Welcome to a very special Manic Movie Magic! Instead of reviewing a film today, I’m going to talk about a topic that bugged me even when I was young: terrible remakes, specifically international ones.
Now, soon there’s going to be an American remake of The Girl with the Dragon Tattoo, originally a Swedish film based on the Millennium Trilogy by Stieg Larsson. But why? This movie was made only two years ago, and it has really good reviews. And yet, it’s an example of an unavoidable truth – most Americans hate subtitles. I don’t care if it’s David Fincher, I still think it’s kind of pointless. Why can’t we just watch the original?
As a first-generation American, with strong ties to my family abroad, I never understood this rampant subtitle-phobia. You read when you get emails, and when you text for hours at a time. Even when you look up reviews like mine, you have to sit and read, but you’re opposed to watching a great film, because it requires a little extra processing? Hell, even if they have to dub the film, it would make more sense; almost all the other countries in the world dub films from America and yet we can’t be bothered to do the same?
A movie is a piece of art, there’s really no way around this fact. You’ve read how I go on and on about cinematography, but that’s because a well crafted film takes a lot of time and planning. Alfred Hitchcock’s movies are essentially flawless cinematography wise because of the sheer amount of planning and attention to detail in every shot.
Imagine someone making a remake, even a shot-by-shot one of a Hitchcock movie…OH WAIT THEY DID! Psycho (1998), which I touched on in an earlier review, is an insult to a great film if I ever saw one. It’s awkward, poorly cast, and despite using the same shots and sets, is hard to even look at. It was just plain terrible. The magic of a movie is not just in the lines of dialogue, or in the story you use, but it’s about the actors, the director, the crew, the seen and unseen. You can’t always replicate a good movie – sometimes what makes a movie perfect isn’t something you can learn in film school, or by throwing money at a project.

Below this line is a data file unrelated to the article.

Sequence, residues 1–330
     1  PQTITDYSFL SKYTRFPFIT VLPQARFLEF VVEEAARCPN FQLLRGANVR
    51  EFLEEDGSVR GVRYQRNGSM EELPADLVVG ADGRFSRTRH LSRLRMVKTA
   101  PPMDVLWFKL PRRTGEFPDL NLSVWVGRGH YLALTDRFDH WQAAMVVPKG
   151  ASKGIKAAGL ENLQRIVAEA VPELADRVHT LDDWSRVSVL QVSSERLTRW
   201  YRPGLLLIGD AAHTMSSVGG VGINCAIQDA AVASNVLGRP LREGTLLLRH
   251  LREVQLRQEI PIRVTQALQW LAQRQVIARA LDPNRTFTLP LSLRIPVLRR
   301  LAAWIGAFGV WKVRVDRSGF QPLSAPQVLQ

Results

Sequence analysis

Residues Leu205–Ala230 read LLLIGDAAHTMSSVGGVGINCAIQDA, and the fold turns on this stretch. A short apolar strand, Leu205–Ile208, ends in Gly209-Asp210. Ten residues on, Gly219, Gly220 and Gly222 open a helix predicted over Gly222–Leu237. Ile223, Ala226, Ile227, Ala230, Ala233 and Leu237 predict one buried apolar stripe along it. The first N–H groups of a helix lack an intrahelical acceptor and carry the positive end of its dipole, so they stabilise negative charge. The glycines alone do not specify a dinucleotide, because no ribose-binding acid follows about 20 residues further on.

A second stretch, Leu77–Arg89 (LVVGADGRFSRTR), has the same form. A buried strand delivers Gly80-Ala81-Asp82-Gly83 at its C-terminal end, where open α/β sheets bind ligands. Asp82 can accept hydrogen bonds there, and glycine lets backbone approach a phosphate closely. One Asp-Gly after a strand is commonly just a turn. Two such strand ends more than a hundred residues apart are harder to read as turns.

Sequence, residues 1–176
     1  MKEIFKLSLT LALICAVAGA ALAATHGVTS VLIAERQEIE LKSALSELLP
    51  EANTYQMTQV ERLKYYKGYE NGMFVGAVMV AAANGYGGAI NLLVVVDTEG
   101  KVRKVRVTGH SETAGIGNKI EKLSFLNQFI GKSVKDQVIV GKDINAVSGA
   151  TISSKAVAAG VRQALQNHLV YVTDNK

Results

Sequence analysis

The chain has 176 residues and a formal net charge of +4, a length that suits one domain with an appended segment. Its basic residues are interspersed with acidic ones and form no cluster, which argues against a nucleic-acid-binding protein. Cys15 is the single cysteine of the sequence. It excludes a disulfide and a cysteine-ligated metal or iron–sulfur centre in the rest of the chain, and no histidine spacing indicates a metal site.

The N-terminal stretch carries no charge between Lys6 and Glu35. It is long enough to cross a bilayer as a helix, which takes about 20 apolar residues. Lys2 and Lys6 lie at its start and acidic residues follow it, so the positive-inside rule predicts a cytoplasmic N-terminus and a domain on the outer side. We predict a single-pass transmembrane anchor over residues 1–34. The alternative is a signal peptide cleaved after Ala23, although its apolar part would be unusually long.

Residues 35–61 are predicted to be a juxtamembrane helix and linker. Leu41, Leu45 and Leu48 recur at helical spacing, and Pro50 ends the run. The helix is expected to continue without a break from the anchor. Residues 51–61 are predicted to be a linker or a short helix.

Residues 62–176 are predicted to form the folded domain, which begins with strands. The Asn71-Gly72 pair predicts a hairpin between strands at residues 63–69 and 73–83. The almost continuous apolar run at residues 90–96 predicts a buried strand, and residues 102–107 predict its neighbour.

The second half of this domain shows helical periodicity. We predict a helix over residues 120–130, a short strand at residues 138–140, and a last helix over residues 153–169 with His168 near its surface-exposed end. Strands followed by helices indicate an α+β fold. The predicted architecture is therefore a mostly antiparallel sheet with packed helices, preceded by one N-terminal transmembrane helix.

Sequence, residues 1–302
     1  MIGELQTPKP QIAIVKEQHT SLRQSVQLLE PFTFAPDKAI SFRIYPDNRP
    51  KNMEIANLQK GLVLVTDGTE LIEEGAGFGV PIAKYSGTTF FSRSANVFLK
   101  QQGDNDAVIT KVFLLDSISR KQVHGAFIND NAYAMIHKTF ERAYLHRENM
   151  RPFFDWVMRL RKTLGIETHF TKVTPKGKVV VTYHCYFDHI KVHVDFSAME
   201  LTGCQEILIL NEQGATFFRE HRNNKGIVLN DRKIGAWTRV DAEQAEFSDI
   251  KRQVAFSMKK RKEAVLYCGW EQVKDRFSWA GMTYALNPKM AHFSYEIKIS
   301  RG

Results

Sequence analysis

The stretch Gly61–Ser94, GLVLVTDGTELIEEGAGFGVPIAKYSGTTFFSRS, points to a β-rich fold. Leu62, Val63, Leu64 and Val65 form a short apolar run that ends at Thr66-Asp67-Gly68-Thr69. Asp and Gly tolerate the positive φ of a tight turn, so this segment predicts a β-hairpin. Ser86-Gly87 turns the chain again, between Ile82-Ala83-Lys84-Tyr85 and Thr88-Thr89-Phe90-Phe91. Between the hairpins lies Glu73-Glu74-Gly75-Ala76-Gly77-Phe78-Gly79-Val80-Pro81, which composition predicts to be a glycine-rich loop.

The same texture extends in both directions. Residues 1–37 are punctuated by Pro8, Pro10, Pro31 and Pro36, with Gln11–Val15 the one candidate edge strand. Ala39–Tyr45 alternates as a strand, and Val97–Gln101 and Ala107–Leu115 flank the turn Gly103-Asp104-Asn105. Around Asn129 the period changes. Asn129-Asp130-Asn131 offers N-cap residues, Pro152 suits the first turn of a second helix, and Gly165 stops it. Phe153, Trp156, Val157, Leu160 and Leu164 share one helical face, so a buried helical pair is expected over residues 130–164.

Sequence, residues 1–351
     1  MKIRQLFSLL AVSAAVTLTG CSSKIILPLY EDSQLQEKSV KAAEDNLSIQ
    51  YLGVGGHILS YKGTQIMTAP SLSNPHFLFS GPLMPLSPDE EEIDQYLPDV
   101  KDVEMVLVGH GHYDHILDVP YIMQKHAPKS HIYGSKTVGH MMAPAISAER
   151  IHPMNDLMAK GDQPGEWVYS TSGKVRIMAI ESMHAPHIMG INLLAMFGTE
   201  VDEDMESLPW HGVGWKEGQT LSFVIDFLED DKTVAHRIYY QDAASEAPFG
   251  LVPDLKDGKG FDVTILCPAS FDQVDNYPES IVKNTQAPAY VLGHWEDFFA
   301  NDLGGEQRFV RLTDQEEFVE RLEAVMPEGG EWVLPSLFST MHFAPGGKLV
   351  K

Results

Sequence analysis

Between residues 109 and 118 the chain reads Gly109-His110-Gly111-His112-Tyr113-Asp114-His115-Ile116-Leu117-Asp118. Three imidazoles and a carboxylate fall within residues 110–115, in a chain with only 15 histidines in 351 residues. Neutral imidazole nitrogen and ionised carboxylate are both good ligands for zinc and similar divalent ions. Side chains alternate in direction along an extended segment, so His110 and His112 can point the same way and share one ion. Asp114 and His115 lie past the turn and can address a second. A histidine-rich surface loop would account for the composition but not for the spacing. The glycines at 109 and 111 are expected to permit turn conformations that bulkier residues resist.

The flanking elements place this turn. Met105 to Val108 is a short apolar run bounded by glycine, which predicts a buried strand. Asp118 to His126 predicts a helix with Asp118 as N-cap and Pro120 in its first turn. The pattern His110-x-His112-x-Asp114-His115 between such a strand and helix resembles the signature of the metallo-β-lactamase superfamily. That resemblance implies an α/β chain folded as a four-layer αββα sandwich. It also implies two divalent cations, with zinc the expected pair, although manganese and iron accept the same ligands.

They can also take the movie and butcher it to death. This happened with sci-fi classic The Day the Earth Stood Still. They took this beautiful 1951 movie about peace and prejudice and turned it into an action thriller with Keanu Reeves. Reeves even had to insist that the iconic line of the film, “Klaatu barada nikto,” be added. It wasn’t originally there as a tribute to the original, he had to fight to get it in. And this guy who played the world’s stupidest on-screen teenager in the Bill and Ted series convincingly.
And then we get to the foreign film remakes. Now, as I have always said, I am the average viewer. I know very little technical stuff on filmmaking, I am not a film major, and while I do love films very much, I feel like in-depth knowledge isn’t necessary to fully enjoy a great film. That being said, the average viewer doesn’t watch foreign films, unless they are animated. Films like The Ring, Shutter, The Grudge, and The Uninvited are all American remakes of amazing Asian horror movies. I have seen (almost) all of these original versions and they are fantastic. Sure, the ghosts are very culturally tied to their Asian origins, but not so much as to confuse someone. Honestly, they are terrifyingly good, which is a hell of a lot more than you can see for their remakes. Often times, the remakes lose the power and fear because they’re trying to adapt it to the audience, or put a new spin on it. But why? Does the movie need to portray characters of the same racial background as the audience? Is it easier to sympathize with whites than Asians, with stories set in America rather than China?
There is no easy answer to these questions, but a big factor in why these films are made over and re-presented is this: familiarity sells.
Remakes are often made for corporate profit, so while they might look big budget, a lot of times there is no love put in. But the problem is not always with the movie companies; they provide what they know people will pay to see. They are in the business of making money, and sometimes in a bad year, they know a remake of well-loved movie will fill the seats, even if it’s terrible. The problem is that people will go to watch remakes, rather than the originals because of their age or their subtitles. Until the viewership decides they’re not going to watch half-assed, culturally confused remakes, they’re going to keep being released. And as far as I can tell, this principle won’t be changing anytime soon.
Next week on Manic Movie Magic, I’ll be reviewing the blockbuster-flop Sucker Punch.